Murder is Anything but a Drag for this Mommie
By Patrick Hurley
Looking for captivating nuance? Hungry for intellectual stimulation? You will giddily find neither of these things in Celebration Theatre’s production of Die, Mommie, Die! Playing now through March 26.
Charles Busch’s play is a pointed send-up of the “Grande Dame” films of the 1940s and 50s, and always features a man in the lead role of fading songstress and star Angela Arden. For this production, that man is Drew Droege, an actor who sinks his teeth in from the get go and never, not once, relents from the pure ecstatic joy at playing the troubled, over-the-top, murderess Angela.
Set in Beverly Hills and following the Sussman clan, Angela and her husband, B-movie producer Sol (Pat Towne) who are as unhappy as you can imagine, what with Angela’s infidelity to famous Hollywood lothario and failed TV actor Tony Parker (Andrew Carter), who is rumored to have a rather “large” talent as a gigolo. Then there’s Sol and Angela’s two children, Edith (Julanne Chidi Hill) who is ever-devoted to her father, with whom she shares a seemingly inappropriate relationship, and despises her mother for her infidelities to her father. And Lance (Tom DeTrinis), who has been kicked out of college for instigating an orgy with the math department. Lance is somewhat coddled and protected by his mother for his “weirdness”—(Which is 40s code for homosexual)—and despised by his father for it. And finally, the completely devoted housekeeper Bootsie (Gina Torrecilla) who is tragically in love with Sol. She is also a closeted alcohol, bible-quoting hillbilly, who serves as a great foil to Angela.
Upon discovering that she has been unfaithful with Tony, Sol cuts Angela off from all of her finances, and holds her prisoner as his wife. He explains that they are a “famous couple” and will continue to appear so in public. This causes Angela to seek revenge on Sol, and comes up with one of the most preposterous ways to poison someone that you can imagine.
The story then turns into the spiral of Angela, in true Greek tragic form, we watch our heroine slowly collapse.
Charles Busch mostly writes hyperbolic, sexually charged pieces that live in some kind of absurdly heightened world. This play is one of his more successful because it plays with issues like gender roles and gay stereotypes, which gives it a little bit of an edge. And so the playing of it could highlight these issues in a very ironic way. Which it accidentally does, because whenever you have a man in drag and an outed gay character in a show, you’re making an inherent point. The point in this case, however, is not asking what the point is, and just enjoying the ride. It’s a silly homage to classic films featuring strong women, stars like Bette Davis, Joan Crawford, and Ethel Merman.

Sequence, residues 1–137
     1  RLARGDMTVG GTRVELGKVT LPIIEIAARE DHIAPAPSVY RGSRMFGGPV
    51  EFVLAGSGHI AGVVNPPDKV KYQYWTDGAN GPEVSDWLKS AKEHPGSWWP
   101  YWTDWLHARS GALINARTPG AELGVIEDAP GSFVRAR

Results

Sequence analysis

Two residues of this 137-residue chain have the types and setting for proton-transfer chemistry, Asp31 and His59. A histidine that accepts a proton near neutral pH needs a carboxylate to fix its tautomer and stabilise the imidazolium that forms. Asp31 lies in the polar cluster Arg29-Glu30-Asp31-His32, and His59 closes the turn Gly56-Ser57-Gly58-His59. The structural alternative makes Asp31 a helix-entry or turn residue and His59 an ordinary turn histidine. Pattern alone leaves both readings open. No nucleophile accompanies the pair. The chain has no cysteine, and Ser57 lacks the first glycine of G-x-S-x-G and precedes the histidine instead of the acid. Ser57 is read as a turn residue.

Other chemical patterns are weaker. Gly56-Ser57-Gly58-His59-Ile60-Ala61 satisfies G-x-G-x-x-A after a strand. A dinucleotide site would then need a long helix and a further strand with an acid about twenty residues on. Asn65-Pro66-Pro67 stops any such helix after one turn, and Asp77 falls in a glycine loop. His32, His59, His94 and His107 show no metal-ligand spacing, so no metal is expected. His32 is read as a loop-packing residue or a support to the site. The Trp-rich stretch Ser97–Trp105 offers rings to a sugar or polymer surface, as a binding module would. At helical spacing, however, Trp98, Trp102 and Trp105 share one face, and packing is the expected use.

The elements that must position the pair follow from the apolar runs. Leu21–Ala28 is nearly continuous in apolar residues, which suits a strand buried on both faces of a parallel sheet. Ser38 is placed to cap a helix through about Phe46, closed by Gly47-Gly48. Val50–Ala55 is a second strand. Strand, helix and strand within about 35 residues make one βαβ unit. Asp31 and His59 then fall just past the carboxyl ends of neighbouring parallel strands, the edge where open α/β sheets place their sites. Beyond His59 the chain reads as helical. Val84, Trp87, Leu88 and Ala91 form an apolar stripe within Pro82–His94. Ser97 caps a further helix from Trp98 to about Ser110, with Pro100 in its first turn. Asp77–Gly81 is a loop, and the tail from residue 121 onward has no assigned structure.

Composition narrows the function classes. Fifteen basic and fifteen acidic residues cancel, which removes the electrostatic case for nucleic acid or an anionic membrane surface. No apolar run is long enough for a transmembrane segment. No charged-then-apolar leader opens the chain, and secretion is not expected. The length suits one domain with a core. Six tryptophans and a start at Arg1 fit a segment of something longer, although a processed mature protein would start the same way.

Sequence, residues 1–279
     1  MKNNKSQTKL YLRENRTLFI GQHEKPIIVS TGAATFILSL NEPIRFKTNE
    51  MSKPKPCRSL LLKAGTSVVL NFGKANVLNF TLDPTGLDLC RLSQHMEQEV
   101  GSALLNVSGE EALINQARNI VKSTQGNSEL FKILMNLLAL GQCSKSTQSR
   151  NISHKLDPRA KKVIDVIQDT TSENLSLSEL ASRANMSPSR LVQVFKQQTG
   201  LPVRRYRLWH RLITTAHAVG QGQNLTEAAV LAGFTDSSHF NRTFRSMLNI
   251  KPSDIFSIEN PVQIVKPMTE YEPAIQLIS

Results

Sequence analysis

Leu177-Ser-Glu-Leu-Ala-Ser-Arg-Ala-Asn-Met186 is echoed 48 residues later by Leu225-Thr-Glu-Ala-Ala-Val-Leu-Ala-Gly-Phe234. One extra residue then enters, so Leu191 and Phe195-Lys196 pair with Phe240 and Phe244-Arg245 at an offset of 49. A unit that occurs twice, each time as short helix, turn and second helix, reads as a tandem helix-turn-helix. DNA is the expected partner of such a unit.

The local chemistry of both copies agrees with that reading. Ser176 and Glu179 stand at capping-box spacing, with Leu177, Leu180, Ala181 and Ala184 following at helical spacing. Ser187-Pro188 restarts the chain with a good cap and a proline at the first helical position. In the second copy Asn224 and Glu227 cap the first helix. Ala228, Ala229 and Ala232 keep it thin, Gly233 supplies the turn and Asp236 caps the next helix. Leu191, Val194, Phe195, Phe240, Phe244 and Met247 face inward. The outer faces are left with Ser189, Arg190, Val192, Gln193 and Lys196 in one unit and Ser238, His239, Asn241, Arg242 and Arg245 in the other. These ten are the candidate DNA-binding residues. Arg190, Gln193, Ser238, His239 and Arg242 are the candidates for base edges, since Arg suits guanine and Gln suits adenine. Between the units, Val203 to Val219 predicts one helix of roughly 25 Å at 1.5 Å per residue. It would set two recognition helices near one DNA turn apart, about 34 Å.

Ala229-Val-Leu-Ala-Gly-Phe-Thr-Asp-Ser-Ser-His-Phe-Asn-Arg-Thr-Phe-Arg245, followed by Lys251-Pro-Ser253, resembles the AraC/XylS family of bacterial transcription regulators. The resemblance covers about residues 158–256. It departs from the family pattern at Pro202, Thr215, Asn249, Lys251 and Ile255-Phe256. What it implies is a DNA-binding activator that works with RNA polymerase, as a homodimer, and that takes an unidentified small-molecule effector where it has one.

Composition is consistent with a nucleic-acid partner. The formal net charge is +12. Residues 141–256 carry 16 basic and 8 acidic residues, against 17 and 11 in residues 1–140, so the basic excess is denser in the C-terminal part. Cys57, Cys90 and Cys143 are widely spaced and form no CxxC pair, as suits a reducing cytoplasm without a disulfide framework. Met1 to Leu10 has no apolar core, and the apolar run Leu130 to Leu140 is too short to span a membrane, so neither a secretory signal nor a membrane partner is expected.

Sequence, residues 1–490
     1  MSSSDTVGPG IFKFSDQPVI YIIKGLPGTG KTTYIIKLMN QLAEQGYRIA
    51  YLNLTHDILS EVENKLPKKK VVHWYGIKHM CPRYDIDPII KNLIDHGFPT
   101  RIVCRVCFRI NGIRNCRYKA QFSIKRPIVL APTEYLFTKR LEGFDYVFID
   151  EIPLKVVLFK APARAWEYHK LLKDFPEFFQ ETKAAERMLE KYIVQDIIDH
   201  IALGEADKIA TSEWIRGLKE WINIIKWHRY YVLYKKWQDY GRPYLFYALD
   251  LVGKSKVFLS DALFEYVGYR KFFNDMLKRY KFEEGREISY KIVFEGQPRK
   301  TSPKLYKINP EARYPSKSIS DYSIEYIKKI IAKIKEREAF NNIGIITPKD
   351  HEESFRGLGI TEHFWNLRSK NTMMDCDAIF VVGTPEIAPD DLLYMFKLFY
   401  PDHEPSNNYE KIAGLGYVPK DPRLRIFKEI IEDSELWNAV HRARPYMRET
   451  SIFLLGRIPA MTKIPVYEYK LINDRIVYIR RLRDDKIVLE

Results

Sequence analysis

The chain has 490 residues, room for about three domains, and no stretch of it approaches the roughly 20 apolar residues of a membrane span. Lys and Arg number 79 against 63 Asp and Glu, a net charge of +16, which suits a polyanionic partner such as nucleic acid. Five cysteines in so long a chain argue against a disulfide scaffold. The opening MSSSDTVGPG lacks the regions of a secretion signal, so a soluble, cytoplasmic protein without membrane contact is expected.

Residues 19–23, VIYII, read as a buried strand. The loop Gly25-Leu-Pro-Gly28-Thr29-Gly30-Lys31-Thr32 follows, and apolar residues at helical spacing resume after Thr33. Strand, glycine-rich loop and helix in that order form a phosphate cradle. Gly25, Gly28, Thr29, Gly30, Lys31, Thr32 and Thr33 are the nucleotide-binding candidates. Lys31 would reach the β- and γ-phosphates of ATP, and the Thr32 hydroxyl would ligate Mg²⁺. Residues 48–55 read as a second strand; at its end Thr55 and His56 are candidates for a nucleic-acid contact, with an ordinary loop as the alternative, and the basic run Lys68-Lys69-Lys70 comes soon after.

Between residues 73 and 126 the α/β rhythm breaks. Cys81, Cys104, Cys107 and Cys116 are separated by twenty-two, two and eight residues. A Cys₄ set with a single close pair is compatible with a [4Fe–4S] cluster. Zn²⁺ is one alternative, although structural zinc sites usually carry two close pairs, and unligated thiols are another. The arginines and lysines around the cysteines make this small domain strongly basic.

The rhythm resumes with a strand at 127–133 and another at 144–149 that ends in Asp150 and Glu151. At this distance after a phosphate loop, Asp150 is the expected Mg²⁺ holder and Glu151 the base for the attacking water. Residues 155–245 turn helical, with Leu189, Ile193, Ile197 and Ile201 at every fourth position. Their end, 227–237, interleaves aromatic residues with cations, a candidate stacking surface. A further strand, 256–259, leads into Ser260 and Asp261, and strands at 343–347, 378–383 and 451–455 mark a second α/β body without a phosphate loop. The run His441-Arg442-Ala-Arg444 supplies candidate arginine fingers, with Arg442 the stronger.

This production is less homage and more straight-up parody. It starts at a ten and surprisingly holds it for two hours. Not even an intermission could break the dizzying energy. There are moments where Mr. Droege hints at these strong female stars of that era, but he is showcasing himself and his deft comic timing without apology the whole time, and his purposeful mispronunciation of certain words is pure gold. He lingers on them like smog over the canyon.
The rest of the cast is also very funny, but is hard-pressed to keep up. Though for the most they do. Especially Tom DeTrinis as Lance, who also heightens his performance from the moment he enters and never backs down. He has hilarious moments and you can see the joy he gets from them. Indeed, the entire ensemble seems to be having a blast, which in turns, allows the audience to have one as well.
This production plays like a midnight cult film. It’s absurd, outlandish, hilarious and completely aimed at a specific audience. It’s a firing on all cylinders drag show, and a parody of Hollywood B movies. What’s not to enjoy?
Director Ryan Bergmann bravely paces the show like a runaway train, and it just never slows down. Because of this, the audience doesn’t have to do much. There is no thinking involved. Just sit back, relax and be prepared to laugh, because the absurdity and joy that emanates from the stage is completely contagious and it’s one hell of a fun night.
DIE, MOMMIE, DIE! by Charles Busch
Directed by Ryan Bergmann
Starring Drew Droege
OPENS FRIDAY, FEBRUARY 17 THROUGH SUNDAY, MARCH 26
Performances are Thursdays, Fridays and Saturdays at 8pm;
Sundays at 2pm
6760 Lexington Ave.
Los Angeles, CA, 90038
Tickets: $40.00 (VIP); $35.00 (Reserved); $25 (General Seating)